Mary Lou Williams Center for Black Culture

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Worth the Wait!

You better believe it! Better yet come see for yourself, the new Mary Lou Williams Center for Black Culture, located on the first and ground floors of the Flowers Building is open daily from 9:00 AM - 5:00 PM. We have worked hard to create a center of which the campus community can be proud. We are fully staffed with the arrival of our new program coordinator Alec Greenwald, so please stop by and introduce yourself. And when you visit, stay awhile, watch a movie, some TV, meet up with a friend ... Get Cultured!

We appreciate your patience, and trust that you too will believe the new Mary Lou was worth the wait. So welcome home! Know that while we believe the space is great, it's all of YOU who make the Mary Lou Williams Center what it is. THANK YOU! Team Mary Lou

Who We Are: 

The Mary Lou Williams Center for Black Culture strives to promote racial understanding, build community, and foster an appreciation for and increase knowledge of Black people, Black history, Black culture, and the vast contributions of people of the African Diaspora. Read more.

Have You Heard?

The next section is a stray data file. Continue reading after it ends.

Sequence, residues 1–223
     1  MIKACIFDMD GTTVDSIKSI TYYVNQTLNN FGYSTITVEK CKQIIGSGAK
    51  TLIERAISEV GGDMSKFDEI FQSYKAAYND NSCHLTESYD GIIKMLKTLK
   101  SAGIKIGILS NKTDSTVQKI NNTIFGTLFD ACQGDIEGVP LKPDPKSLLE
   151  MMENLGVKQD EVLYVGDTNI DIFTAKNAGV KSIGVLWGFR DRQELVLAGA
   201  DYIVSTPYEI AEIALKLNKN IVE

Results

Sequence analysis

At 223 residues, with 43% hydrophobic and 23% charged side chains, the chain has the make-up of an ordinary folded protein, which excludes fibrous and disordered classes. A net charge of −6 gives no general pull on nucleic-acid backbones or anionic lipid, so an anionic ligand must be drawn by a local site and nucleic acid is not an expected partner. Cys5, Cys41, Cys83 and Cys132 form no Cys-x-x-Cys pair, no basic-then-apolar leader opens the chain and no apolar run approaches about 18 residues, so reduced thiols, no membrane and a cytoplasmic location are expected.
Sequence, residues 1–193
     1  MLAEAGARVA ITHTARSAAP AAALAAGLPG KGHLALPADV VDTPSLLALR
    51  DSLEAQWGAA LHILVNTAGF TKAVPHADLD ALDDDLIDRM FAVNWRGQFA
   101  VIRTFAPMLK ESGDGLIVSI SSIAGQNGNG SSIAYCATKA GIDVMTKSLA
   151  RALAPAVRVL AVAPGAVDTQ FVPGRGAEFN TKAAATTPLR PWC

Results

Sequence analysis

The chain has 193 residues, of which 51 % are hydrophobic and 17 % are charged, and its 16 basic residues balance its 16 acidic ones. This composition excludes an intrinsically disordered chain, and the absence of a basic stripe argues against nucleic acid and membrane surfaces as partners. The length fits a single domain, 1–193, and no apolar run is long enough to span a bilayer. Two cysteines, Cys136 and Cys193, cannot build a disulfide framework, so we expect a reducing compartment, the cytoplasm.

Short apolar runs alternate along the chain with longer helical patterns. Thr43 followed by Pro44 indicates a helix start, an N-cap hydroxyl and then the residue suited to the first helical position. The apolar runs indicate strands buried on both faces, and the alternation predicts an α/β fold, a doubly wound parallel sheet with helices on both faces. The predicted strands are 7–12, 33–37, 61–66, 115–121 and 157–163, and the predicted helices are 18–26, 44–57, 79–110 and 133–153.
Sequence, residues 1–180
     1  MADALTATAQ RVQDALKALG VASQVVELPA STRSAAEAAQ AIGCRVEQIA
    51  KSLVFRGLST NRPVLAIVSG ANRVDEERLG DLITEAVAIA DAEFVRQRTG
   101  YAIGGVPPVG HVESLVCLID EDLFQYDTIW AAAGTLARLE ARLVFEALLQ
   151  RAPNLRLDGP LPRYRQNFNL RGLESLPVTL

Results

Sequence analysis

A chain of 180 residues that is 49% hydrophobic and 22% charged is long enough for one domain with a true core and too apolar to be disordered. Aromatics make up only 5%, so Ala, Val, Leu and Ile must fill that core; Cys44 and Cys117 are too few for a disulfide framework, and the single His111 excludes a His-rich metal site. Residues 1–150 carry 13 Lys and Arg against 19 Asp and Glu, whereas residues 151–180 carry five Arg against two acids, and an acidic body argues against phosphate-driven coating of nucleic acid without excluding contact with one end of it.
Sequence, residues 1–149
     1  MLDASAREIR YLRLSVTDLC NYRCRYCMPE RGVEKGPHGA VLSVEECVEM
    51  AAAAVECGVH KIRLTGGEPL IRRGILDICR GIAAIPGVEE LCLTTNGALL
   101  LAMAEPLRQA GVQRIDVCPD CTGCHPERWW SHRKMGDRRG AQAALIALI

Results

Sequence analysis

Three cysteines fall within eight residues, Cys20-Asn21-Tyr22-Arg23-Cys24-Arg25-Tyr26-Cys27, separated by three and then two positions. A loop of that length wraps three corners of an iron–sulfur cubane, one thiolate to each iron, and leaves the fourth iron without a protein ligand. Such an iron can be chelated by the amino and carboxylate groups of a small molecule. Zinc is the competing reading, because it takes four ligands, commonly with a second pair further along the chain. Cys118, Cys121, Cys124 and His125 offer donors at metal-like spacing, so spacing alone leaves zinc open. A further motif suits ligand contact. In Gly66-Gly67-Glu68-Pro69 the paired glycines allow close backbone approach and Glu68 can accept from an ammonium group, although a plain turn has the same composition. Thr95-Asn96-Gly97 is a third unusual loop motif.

Apr 03, 2014

Throughout this piece, Black will be referring to all descendants of the African Diaspora, a definition I first heard given by Ms. Guinn. Maybe this dispersal (both forced and voluntary) can be seen as a means to understand the almost schizophrenic fluctuations of the definition of Blackness and the subsequent complexity of my people. It is a complexity that the majority of Black folks are unaware of. We seem to forget that the different shades of brown we wear are not the only variations amongst Black people, which can be seen in the ‘light-skinned’ vs. ‘dark-skinned’ feud that has followed us from the plantation. Each individual comes to define and reflect Blackness differently based on their experiences and environment. My arrival to Duke has caused me to look at my own reflection questioningly.

Mar 26, 2014

“The British are coming!” “I had a dream” “That's one small step for a man, a giant leap for mankind” “Sharkeisha! Noooooooooooooooooooooo” “Go to hell Carolina, go to hell, eat…you know the rest”

What do all these phrases have in common? They are all under 140 characters, but are memorable messages of great importance (depending on who you are). Twitter is a website and application that gives its users the agency to declare a thought, feeling, opinion, fact, picture, and so much more, so long as it fits within the limit. Twitter is great for having your voice heard amongst those that find you interesting enough to follow, but does it encourage fellowship, or hinder it?

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